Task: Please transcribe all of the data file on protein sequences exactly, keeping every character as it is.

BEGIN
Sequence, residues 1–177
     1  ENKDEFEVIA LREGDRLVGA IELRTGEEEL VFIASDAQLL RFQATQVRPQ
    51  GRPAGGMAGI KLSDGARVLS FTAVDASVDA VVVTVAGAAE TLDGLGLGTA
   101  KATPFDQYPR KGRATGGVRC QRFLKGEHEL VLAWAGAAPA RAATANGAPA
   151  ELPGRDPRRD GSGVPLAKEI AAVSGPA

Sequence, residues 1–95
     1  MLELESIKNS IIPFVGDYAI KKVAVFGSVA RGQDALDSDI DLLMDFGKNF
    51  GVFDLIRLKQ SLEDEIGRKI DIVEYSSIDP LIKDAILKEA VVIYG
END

Sequence, residues 1–177
     1  ENKDEFEVIA LREGDRLVGA IELRTGEEEL VFIASDAQLL RFQATQVRPQ
    51  GRPAGGMAGI KLSDGARVLS FTAVDASVDA VVVTVAGAAE TLDGLGLGTA
   101  KATPFDQYPR KGRATGGVRC QRFLKGEHEL VLAWAGAAPA RAATANGAPA
   151  ELPGRDPRRD GSGVPLAKEI AAVSGPA

Sequence, residues 1–95
     1  MLELESIKNS IIPFVGDYAI KKVAVFGSVA RGQDALDSDI DLLMDFGKNF
    51  GVFDLIRLKQ SLEDEIGRKI DIVEYSSIDP LIKDAILKEA VVIYG